Danny chopped up these data in lots of ways.  Does student grade influence the results?  Gender?  Year in school?  The only thing that really mattered was major.  Computing majors (thankfully!) did recognize more value for computational modeling after instruction.

These results are disappointing.  Teaching students about computational modeling makes them like it less?  Makes them see less value in it?  Across multiple cohorts?!? But from a research perspective, this is an important result.  We can’t fix a problem that we don’t know is there.  Danny has not only identified a problem.  He’s given us a tool to investigate it.

The value of COMPASS is in having a yardstick.  We can use it to see how we can influence these attitudes.  Danny wrote it so that “physics” could be swapped out for “biology” or “chemistry” easily, to measure attitudes towards computational modeling in those disciplines, too.  I’ll bet that this is a useful starting place for many folks interested in measuring computational thinking, too.

“So, Guzdial, you spent a lot of time on these three blog posts?  Why?!?”

I strongly believe that the future of computing education lies in teaching more than just those who are going to be software developers.  Scaffidi, Shaw, and Myers estimate that there are four professionals who program but who are not software developers for every software developer in the US.  We computing educators need to understand how people are coming to computing as a tool for thinking, not just a material for engineering.  We need to figure out how to teach these students, what tools to provide them, and how to measure their attitudes and learning.

Danny’s thesis is important in pursuing this goal.  Each of these three studies is important for computing education research, as well as for physics education research.  Danny has shown that physics students’ learning is different with computational modeling, where their challenges are in computational modeling in Python, and here, how their attitudes about computational modeling are changing. Danny has done a terrific job describing the issues of a non-CS programming community (physics learners) in learning to use computational modeling.

This is an important area of research, not just for computer science, but for STEM more generally.  Computing is critical to all of STEM.  We need to produce STEM graduates who can model use computers and who have positive attitudes about computational modeling.

The challenge for computing education researchers is that Danny’s thesis shows us is we don’t know how to do that yet.  Our tools are wrong (e.g., the VPython errors getting in the way), and our instructional practices are wrong (e.g., such that students are more negative about computational modeling after instruction than before).  We have a long way to go before we can teach all STEM students about how to use computing in a powerful way for thinking.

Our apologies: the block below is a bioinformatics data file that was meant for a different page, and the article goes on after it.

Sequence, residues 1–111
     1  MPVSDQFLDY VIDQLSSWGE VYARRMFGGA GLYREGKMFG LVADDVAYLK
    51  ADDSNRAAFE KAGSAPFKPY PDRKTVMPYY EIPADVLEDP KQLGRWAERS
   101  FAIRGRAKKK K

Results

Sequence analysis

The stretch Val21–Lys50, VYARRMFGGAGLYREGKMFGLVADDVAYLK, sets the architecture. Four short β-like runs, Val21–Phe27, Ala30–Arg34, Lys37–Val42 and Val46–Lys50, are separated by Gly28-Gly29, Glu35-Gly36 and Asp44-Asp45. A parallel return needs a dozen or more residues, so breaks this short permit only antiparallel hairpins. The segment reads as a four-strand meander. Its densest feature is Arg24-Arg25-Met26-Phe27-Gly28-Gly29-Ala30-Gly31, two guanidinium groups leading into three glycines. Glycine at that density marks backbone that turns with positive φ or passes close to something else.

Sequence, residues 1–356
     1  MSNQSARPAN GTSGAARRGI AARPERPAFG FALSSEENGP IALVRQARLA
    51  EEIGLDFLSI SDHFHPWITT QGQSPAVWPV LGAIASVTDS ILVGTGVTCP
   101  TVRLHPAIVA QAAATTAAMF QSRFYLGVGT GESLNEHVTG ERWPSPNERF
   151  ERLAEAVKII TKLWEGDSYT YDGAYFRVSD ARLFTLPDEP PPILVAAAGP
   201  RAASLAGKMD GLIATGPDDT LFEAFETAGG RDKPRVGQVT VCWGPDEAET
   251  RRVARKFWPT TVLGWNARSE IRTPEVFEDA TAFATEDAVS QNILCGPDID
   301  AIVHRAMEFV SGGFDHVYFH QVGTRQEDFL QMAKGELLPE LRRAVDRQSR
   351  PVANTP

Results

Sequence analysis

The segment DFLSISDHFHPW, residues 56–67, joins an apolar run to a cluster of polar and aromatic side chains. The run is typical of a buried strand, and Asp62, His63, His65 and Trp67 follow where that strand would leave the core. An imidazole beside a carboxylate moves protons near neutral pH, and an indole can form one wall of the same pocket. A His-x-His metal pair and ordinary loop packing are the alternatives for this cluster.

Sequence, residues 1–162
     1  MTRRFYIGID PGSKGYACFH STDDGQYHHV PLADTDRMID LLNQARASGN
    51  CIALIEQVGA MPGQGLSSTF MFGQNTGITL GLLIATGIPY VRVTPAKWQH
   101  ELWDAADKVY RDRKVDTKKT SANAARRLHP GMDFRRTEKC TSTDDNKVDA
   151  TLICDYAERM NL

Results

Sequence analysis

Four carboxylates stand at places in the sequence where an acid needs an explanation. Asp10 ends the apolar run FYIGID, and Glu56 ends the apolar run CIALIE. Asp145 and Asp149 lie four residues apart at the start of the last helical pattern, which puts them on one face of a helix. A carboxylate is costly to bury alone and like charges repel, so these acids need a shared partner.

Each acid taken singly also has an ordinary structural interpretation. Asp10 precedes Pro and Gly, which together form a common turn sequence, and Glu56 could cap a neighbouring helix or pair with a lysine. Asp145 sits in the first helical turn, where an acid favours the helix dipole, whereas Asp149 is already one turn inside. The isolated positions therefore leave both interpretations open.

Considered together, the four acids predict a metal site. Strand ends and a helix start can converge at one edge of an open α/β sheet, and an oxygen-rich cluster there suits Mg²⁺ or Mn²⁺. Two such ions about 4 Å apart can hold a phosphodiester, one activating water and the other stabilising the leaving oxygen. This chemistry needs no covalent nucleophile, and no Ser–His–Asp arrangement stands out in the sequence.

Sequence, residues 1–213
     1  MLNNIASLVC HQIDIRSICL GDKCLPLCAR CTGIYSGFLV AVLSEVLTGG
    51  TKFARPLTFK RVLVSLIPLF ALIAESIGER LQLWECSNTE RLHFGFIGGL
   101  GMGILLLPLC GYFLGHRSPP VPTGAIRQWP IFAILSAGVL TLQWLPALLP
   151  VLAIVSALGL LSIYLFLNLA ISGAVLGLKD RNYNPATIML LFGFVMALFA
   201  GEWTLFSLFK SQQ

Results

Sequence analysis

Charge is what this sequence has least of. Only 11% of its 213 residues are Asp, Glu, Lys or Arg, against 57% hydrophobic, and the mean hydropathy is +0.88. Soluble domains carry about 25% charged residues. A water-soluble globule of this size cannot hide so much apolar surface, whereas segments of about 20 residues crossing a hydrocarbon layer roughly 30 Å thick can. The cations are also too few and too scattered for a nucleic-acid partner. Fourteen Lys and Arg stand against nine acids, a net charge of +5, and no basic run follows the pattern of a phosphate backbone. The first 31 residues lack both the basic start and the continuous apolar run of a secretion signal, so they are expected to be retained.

We need to figure it out.  Computational modeling is critical for success in STEM today.  We will only figure it out by keep trying.  We have to use curricula like Matter and Interactions. We have to figure out the pedagogy.  We have to create new learning tools.  The work to be done is not just for physics educators, but for computer scientists, too.

Finally, I wrote up these blog posts because I don’t think we’ll see work like this in any CS Ed conferences in the near term.  Danny just got a job in Physics at U. Colorado-Boulder.  He’s a physicist.  Why should he try to publish in the SIGCSE Symposium or ICER?  How would that help his tenure case? I wonder if his work could get in.  His results don’t tell us anything about CS1 or helping CS majors become better software developers.  Will reviewers recognize that computational modeling for STEM learning is important for CS Ed, too?  I hope so, and I hope we see work like this in CS Ed forums.  In the meantime, it’s important to find this kind of computing education work in non-CSEd communities and connect to it.  

August 2, 2011 at 10:15 am 31 comments

What students get wrong when building computational physics models in Python: Cabellero thesis part 2

Danny’s first study found that students studying Matter and Interactions didn’t do better on the FCI.  That’s not a condemnation of M&I. FCI is an older, narrow measure of physics learning. The other things that M&I cover are very important.  In fact, computational modeling is a critically new learning outcome that science students need.